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Hon. Michael H. Michaud, Chairman, and a Representative in Congress from the State of Maine

The Subcommittee on Health will come to order.  I would like to thank everyone for coming today.

I would like to welcome the Ranking Member, Congressman Jeff Miller of Florida.

Before we begin, I ask unanimous consent that all written statements be made part of the record.  Without objection it is so ordered.

I ask unanimous consent that all Members be allowed five legislative days to revise and extend their remarks.  Without objection it is so ordered.

Today we are here to discuss Vet Centers – the benefits that they have provided to our current population of veterans and the important and growing role they will have in helping veterans from Afghanistan and Iraq.

The Vet Center program was established in 1979 to help Vietnam Era veterans with readjustment challenges. 

Vet Centers provide an alternative environment outside of the regular VA system for a broad range of counseling, outreach, and referral services. 

Most importantly, Vet Centers provide an environment in which veterans can speak openly to veterans about their experiences.

Vet Centers have been a success, and now they have a new mission.

In 2003, then Secretary Principi extended Vet Center eligibility to OEF, OIF, and Global War On Terror veterans as well as bereavement counseling to survivors of military personnel who die while on active duty, to include federally activated Guard and Reservists.

Not surprisingly, workload at Vet Centers continues to increase.  This trend will likely continue as OEF/OIF veterans deal with everything from mild readjustment issues to serious mental health challenges.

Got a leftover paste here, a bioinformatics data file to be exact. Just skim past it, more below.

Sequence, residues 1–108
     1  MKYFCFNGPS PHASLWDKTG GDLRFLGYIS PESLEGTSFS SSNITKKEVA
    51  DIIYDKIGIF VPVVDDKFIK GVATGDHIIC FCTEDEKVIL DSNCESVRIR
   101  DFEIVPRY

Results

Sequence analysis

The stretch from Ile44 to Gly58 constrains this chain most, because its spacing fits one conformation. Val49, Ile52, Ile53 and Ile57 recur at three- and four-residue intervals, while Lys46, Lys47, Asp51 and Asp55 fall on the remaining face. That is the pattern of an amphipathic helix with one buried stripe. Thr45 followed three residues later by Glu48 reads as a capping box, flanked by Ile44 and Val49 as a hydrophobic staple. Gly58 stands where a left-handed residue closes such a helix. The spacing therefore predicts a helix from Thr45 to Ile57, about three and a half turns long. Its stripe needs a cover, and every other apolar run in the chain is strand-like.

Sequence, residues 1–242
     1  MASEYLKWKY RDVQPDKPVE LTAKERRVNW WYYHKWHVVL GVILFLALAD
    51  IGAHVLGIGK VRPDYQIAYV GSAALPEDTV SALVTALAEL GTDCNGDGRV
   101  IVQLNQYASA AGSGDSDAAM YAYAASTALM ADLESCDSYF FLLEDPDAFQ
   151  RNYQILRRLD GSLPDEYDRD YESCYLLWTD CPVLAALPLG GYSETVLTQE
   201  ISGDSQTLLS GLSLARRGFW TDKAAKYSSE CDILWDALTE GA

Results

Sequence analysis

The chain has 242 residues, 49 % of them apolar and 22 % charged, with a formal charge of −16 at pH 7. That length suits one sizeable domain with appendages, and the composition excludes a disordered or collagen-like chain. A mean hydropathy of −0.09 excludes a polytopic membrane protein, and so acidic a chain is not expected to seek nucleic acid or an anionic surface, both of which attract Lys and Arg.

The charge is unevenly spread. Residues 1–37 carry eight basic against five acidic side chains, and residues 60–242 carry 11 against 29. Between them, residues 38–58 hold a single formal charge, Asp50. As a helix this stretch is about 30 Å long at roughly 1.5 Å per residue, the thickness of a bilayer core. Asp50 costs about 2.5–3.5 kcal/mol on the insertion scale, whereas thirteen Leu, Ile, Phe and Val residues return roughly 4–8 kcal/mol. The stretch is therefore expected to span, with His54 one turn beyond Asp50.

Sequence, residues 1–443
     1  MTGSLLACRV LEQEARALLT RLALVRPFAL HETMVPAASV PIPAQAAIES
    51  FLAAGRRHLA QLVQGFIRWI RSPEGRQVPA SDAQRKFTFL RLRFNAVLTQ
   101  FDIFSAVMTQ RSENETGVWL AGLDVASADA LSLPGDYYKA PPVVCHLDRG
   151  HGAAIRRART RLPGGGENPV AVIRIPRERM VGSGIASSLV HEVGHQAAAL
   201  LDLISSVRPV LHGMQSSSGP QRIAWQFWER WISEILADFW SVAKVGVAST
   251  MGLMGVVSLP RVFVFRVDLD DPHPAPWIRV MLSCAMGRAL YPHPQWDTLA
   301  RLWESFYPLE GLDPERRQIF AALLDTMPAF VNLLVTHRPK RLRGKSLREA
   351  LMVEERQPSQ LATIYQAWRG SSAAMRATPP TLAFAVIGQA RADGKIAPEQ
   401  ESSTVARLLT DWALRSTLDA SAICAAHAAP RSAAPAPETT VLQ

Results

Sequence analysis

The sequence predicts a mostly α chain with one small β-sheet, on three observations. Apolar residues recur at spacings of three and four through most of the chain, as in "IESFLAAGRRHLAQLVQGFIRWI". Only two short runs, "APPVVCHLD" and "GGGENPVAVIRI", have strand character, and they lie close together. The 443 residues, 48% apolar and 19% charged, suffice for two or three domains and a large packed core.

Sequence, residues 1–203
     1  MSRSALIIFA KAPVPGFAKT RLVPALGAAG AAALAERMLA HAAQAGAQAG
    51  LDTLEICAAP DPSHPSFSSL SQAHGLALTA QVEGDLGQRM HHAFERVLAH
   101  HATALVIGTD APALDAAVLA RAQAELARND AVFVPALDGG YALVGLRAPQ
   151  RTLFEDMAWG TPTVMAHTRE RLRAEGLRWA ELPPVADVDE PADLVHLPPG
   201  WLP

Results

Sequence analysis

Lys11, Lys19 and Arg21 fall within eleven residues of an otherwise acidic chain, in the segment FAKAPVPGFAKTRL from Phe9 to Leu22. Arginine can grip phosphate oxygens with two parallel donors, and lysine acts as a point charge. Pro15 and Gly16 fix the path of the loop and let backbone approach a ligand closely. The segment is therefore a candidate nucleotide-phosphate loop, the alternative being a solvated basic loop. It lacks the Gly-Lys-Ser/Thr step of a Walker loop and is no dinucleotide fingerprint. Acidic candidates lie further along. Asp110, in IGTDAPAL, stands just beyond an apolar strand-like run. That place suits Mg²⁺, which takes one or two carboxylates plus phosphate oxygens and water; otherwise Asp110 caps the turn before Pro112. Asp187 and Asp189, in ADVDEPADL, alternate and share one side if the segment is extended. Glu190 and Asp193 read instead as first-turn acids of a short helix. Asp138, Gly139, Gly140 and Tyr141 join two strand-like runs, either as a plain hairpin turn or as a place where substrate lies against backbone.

VA currently has 209 Vet Centers located throughout the United States, Guam, Puerto Rico and the U.S. Virgin Islands. 

There are five Vet Centers in Maine that do great work (Bangor, Caribou, Lewiston, Portland, and Sanford).

VA has scheduled 23 new centers to open in the next two years.  There has also been an effort to hire GWOT veterans to serve as peer-to-peer counselors.

The purpose of this hearing is to determine how Vet Centers can continue to fulfill their unique and critical role within the VA continuum of care. 

Each generation of veterans has its own unique needs.  It is important that Vet Centers are prepared to meet the needs of our new veterans while still caring for veterans from previous conflicts.

I look forward to hearing from our witnesses on:

  • How we can maintain and improve services provided by Vet Centers;
  • If we have appropriate facilities and staffing;
  • What role can and should other resources within our communities play to help veterans and improve care; and
  • Most importantly, what should we do to strengthen the invaluable peer-to-peer counseling available through Vet Centers?